Updated: Apr 23
It’s the start of the month and time to catch up on last months finances. As usual, you’re looking through your spending to stay on track. Your eyes get a little bigger when you see your credit card bill.
You spent more than you’d hoped. As you cruise through the list of transactions, you start noticing a lot of charges like subscriptions, amazon orders, and ofourse meals. if youre anything like me, you decide to go for a walk to the bank to pull out cash to help manage your spending by having physical cash.
You stop at the grocery store on your way home and when it's time to pay you realize you dropped some of the money you took from the bank. (yikes)
How would you feel in that moment? How are you feeling about yourself? Im guessing you would have knots in your stomach and probably be annoyed.
In this blog you will learn the 5 types of negative self talk that we go through and how to be aware of them. As a bonus, I've included some ways to avoid negative self-talk so that you can live a more fulfilling, stress-free life.
In order to stop or change intrusive thoughts and live a more fulfilling life, this is the first step. There are no shortcuts!
If you learn how to avoid negative self-talk then you are 55% of the way to improving your relationship with yourself and the people around you.
When going through a difficult time, it’s easy to be hard on yourself and start thinking that everything is your fault. You end up in a spiral of negative thoughts and don't ever see the light at the end of the tunnel.
I’ve helped hundreds of individuals, families, couples with relieving stress, treating chronic conditions and overcoming life-challenges in the pursuit of living a better life.
I don't say that to brag, but I've had the privilege of understanding the psychology of why most of us women don't feel fulfilled or happy with our life situation.
Let me ask you this: When has negative self-talk ever helped you?...
Negative thinking can often drag you and others down. Here’s the truth, there are many different types of negative thinking and you may not even realize that you are doing it.
Common types of negative thinking:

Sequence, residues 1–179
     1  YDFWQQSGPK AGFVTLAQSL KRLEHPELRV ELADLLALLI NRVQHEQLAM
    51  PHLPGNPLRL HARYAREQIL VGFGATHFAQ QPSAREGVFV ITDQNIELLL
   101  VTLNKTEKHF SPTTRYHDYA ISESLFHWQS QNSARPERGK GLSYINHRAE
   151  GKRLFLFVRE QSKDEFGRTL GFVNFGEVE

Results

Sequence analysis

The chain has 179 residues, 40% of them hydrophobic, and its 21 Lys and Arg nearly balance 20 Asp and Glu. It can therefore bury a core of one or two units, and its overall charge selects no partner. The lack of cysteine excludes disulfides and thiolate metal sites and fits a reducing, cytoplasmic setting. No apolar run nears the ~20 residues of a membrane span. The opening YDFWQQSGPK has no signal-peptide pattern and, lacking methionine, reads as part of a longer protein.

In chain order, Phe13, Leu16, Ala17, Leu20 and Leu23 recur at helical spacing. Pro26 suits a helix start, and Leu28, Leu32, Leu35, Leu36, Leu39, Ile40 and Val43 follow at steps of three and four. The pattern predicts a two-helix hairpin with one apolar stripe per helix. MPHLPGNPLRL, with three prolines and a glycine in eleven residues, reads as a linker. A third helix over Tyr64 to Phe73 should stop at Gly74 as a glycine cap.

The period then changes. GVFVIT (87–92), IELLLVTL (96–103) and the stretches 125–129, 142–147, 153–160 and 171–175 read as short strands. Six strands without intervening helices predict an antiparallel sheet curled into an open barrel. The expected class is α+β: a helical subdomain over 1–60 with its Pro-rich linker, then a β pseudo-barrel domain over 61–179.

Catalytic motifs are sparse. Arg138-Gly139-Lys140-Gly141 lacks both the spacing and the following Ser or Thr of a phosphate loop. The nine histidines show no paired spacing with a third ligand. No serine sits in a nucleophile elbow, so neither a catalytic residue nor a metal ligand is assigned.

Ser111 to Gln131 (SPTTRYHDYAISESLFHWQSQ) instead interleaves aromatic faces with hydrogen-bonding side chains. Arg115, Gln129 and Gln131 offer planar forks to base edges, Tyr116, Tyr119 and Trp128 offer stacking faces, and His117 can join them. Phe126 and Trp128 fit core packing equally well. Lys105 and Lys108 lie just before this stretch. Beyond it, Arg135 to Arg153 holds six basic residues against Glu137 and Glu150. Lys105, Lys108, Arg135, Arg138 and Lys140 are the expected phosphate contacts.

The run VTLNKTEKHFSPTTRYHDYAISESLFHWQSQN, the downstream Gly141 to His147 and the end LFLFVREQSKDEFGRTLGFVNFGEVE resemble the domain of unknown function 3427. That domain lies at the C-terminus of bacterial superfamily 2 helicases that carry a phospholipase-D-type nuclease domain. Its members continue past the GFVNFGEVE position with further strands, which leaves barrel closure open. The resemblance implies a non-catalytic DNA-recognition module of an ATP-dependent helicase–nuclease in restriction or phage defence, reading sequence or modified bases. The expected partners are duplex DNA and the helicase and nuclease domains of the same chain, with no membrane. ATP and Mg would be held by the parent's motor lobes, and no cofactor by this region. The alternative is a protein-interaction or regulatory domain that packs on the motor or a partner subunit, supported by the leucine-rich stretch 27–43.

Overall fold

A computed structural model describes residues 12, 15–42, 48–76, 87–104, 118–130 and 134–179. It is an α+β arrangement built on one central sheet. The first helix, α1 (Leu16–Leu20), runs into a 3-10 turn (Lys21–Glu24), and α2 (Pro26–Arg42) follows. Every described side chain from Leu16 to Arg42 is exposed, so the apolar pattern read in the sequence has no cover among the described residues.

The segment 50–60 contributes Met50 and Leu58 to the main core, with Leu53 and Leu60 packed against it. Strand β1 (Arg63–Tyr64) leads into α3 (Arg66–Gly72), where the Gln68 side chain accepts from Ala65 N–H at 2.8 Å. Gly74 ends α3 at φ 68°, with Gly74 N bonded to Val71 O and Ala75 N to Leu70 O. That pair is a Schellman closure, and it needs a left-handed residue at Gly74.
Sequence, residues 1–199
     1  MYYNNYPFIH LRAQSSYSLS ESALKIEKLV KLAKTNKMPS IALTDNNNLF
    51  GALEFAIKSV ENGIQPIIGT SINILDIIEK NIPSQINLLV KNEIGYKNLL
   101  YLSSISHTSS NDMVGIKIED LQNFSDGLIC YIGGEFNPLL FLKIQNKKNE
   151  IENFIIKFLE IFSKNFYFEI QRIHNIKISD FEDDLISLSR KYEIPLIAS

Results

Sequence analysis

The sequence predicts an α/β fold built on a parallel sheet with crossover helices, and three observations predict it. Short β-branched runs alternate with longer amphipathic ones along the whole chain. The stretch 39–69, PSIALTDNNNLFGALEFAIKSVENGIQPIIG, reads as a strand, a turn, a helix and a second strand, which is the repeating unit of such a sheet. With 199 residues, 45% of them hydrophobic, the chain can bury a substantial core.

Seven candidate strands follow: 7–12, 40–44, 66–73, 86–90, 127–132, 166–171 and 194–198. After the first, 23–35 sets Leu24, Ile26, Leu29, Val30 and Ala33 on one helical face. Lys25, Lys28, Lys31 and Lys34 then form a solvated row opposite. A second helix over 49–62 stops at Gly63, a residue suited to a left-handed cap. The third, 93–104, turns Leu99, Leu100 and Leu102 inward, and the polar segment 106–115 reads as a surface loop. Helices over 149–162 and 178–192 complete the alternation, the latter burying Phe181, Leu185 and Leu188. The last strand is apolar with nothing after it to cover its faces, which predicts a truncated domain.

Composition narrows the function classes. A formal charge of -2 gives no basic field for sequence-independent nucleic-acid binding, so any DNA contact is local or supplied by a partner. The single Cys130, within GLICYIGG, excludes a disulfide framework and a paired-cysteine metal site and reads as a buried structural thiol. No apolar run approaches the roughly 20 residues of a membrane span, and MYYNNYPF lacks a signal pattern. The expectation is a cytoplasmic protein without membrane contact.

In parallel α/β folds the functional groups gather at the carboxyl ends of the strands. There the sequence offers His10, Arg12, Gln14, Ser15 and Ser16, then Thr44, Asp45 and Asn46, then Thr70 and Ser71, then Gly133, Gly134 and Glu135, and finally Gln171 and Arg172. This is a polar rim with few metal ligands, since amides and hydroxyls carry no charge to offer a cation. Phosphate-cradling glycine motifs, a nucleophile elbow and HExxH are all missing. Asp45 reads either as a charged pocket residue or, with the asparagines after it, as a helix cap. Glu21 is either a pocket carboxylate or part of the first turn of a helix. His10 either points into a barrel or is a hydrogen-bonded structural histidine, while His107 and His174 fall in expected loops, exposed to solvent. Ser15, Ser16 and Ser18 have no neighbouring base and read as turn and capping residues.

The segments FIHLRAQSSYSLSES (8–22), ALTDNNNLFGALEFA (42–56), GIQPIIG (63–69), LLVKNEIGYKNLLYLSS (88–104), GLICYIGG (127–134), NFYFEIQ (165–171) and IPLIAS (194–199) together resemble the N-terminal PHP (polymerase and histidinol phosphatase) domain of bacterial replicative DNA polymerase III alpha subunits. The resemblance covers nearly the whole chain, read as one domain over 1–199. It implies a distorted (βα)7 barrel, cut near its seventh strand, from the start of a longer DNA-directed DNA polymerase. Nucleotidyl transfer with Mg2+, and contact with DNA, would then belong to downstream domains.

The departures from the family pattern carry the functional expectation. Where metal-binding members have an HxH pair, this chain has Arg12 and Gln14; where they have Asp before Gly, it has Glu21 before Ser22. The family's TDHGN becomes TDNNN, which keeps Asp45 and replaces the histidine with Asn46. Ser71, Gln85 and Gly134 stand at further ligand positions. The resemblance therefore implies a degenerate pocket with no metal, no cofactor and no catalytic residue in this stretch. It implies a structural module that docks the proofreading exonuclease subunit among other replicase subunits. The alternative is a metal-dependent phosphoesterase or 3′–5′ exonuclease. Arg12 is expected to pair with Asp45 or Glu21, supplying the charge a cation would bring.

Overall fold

Personalization – This is blaming yourself for things you have no control over. Can you remember a time you thought something was your fault? Maybe you've thought you’re the reason you’re not attracting good partners, or you're the reason your car won't start.
Whatever the case, you’re causing unnecessary stress by telling yourself a story that may not be true, putting you deeper into the spiral that began.
Labeling and Mislabeling – This is the constant applying of labels on people. Often times, the labels are inaccurate as you never know all the information. An example of this would be, “She’s a slut because she flirts a lot.”, or even, “He must be an alcoholic because he has had three glasses of beer to drink.” Again, these thoughts can create negative self talk that will harm more than help the goals that you have and being aware of them will put you in a position of power
‘Should’ Statements – Here, you rely on the absoluteness of “should” statements. Using “should” statements creates rigid rules for yourself and others that need to be followed without flexibility. An example of this would be, “I should always avoid talking about my personal issues with others.” Or even: “I should always wait for a man to approach me first.”
Emotional Reasoning – This is drawing conclusions based on emotions and ignoring the facts. An example of this would be, “I am angry with you, so you are wrong and the source of my problems.”
Magnification and Minimization – This is placing a bigger importance on the negative events while ignoring the positive ones. When you start thinking in “always”, “never”, “everyone”, “nobody”, et cetera, then you are focusing too much on the negatives and using those to over-generalize.
This is also called “all or nothing” thinking. An example of this would be: “I always embarrass myself, nobody likes me.”
The short of it:
People pay attention to negativity more than positivity.
There’s something about bad news and adversity—try as we may, we can’t look away. The problem becomes how long we choose to stay in these thought loops and if we are making steps to avoid these intrusive thoughts.
Don't worry, this isn't even your fault. The good news is you can silence these thoughts. Some ways of overcoming negative self-talk include:
Replacing the negative thoughts with a positive one
Repeating positive statements or affirmations
Seeking professional therapy from a behavioral therapist
If you find yourself caught in the loop of negative thinking, sit down and identify three strengths or things you do well. For instance, you could be a good listener, in good physical shape, or remember names easily.
Most people don’t do this because they are simply unaware. So there you go try this the next time something unexpected happens. Do this enough times and watch how you slowly start reframing your thoughts.